Cost wise, it isn’t easy to put a price prediction on a visit here as it will range depending on your eating theme of the day but it would take hard work on the wine list (which is as eye opening as the rest of the menu) to go beyond £40 a head for three courses and drinks. If you’re more of the mind of a swift pubby dinner and a beer you shouldn’t break £15 and this is the point where I should stress that if you are more after a pint than a restaurant experience then this is also definitely the spot for you. Our most frequent visits are for a well selected mid-week real ale and a white pepper drenched bowl of cockles to fight chat over.

You will often find the management on site offering a friendly hello from the bar or kitchen and a spritely and warm team offering no fuss service that alludes so perfectly to the homey atmosphere and simple enjoyment of really, really good food.

I could gush on all day about The Rosebud, perhaps I already have. Suffice to end up with a solid top rating and heartfelt recommendation to give them a go if you are local and make the trip out here if you are not. Be sure to book though, as they are not always busy but you can guarantee that when you don’t reserve you will turn up to find standing room only!

I’ll see you at the bar.

cockles

a bowl of cockles, served with pepper and vinegar in the conservatory for summer pick me up perfection

 

A Little Plug- Church St Tavern

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What? Quality bistro, cocktails, modern bar menu

Where? Church St, Colchester, CO1 1NF

How Much? From bargain to blow out

Overall: 11/10

http://churchstreettavern.co.uk/
I almost don’t want to tell you about Church St Tavern, because it is my favourite spot in Colchester and quite frankly I don’t want to share it.

Tucked up just off busy Head Street, CST is a rather square and serious looking building that one could be forgiven for bypassing in search of somewhere a bit less stiff. But if you make it inside, this is a far from stuffy eat-and-drinkery. No, they don’t do curly fries or jelly shots. They do high ceilings, low sofas and strategically placed art prints. They do pints and pilsner and perfectly executed classic cocktails at ever so slightly less than you would pay in similarly listed joints up the high st. Extra points for maintaining a decent gin selection and straying away from boring and obvious lagers at the pumps (hello Adnams dry hopped). You will also get a decent coffee and a suitably cheeky bar lunch downstairs, one can only hope they carry on with their current sausage roll trend too.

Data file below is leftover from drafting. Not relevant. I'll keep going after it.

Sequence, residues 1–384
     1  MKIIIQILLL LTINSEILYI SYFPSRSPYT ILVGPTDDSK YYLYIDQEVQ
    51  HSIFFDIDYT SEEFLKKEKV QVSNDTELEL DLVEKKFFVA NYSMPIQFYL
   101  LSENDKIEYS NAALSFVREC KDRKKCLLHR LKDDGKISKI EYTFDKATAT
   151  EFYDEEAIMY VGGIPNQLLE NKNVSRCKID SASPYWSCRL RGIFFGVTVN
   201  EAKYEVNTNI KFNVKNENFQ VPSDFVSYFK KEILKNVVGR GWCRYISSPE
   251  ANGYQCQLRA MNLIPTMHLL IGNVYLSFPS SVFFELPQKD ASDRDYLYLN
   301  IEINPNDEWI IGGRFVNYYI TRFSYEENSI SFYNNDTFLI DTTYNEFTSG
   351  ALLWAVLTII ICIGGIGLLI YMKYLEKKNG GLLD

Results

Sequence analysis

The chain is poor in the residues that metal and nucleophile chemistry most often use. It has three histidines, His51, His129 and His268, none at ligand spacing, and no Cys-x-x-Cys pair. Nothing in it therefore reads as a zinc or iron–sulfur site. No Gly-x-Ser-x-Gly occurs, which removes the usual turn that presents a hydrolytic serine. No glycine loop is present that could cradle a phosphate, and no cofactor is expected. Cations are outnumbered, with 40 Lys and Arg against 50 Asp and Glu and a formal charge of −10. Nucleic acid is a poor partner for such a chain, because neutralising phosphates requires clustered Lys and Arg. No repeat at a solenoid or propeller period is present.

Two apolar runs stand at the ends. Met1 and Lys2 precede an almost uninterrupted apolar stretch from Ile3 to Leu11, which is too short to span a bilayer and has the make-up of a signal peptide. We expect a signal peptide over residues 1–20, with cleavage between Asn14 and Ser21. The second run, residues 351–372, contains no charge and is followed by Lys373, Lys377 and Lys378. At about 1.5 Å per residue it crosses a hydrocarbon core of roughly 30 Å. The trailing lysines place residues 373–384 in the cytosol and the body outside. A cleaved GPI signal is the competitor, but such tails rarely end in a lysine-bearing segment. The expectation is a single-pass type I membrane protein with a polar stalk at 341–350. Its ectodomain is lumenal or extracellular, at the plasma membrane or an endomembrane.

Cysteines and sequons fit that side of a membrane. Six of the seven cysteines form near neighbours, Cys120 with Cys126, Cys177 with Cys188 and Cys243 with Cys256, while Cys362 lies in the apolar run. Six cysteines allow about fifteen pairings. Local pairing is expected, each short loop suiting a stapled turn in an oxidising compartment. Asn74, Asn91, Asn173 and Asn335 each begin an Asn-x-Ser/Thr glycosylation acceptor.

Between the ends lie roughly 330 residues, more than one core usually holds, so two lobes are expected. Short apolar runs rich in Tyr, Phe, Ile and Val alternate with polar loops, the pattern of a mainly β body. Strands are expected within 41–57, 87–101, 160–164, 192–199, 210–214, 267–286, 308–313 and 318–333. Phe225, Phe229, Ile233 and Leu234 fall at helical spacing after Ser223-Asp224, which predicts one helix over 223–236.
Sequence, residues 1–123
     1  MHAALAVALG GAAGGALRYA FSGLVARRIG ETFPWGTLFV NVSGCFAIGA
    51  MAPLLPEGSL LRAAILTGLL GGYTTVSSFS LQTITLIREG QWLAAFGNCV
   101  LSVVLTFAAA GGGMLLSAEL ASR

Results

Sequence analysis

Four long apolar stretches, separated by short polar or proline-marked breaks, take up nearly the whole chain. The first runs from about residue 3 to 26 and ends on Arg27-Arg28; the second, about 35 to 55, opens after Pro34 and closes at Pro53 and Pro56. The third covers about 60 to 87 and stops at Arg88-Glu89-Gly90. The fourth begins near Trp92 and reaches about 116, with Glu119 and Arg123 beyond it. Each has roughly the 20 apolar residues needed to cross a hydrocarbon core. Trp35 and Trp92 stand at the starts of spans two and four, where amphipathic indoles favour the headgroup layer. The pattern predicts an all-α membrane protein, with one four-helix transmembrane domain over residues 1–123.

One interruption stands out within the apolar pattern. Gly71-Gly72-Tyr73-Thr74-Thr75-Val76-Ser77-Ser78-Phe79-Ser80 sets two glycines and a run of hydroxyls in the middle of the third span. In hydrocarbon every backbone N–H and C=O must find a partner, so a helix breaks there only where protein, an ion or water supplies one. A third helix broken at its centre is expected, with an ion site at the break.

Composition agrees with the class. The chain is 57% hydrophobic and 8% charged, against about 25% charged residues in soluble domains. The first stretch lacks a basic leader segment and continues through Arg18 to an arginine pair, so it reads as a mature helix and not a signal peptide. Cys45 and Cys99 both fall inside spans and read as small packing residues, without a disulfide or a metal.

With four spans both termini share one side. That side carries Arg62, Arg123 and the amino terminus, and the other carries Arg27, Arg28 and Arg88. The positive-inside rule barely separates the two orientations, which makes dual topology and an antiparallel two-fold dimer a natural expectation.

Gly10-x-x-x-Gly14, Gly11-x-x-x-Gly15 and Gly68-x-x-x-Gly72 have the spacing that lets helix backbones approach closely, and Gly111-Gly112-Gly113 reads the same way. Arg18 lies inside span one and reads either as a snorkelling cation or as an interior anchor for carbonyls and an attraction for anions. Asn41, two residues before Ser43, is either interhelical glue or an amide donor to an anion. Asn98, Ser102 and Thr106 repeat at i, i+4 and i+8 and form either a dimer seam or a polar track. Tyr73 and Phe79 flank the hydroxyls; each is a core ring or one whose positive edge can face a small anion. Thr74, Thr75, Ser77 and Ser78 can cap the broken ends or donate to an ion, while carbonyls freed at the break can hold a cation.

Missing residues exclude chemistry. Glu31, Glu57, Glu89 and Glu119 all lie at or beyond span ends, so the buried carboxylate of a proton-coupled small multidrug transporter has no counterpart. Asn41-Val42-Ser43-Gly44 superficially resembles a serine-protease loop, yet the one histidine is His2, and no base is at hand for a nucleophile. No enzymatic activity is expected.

Should occasion move you to relocate up to their first floor restaurant, you won’t be disappointed. It is both a cosy and comfortable space, though not quite as casual as the bar downstairs and rightly so as you are stepping into one of only two restaurants in the local area to come up on the Michelin Guide.

For those in need of bland summary statements: the food up there is bloody good. To expand: you will experience a classic and well executed menu with some surprises. The menu isn’t massive, I would say just enough range for options without making it impossible to choose. Seasonal, local and more exotic choices are there without needing a degree in kitchen tossery to decipher what you are ordering or be frightened out of wandering out of your dining comfort zone.

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THAT celeriac and blue cheese custard. Want!!!!

I will admit to loving CST because you can trust them completely for the prescribed holy trinity of Seafood, Steak and Something Full of Chocolate BUT it is selling them short to stick to this really. It’s not just about this fish and fowl infact one of the most memorable eatings I have enjoyed is a celeriac and blue cheese custard, currently on the menu, which is absolutely ridiculous in both flavour and comfort. Who doesn’t want to kick off a meal with a Stilton creme brûleé covered in candied pecans? Plus pears and leaves to soften how utterly filthy it is. This kind of dish makes meat free Monday a preference rather than a grudging and guilty contribution to combat climate change. Just wonderful, I want one now for breakfast please.

You can stray from the steak and chunky chips to hearty seasonal fayre that will please veggies and fish fiends alike or game dinners that have not failed to impress this greedy girl more than once- they put out excellent pigeon dishes. Most mains are enough alone but you do your belly wrong not to dip into a Jansson’s Temptation on the side too. Finish up with a cold chocolate fondant (yes really) or if the season allows a phenomenal cucumber and gin panacotta, it’s like a creamy kiss from a soused flower fairy. Divine.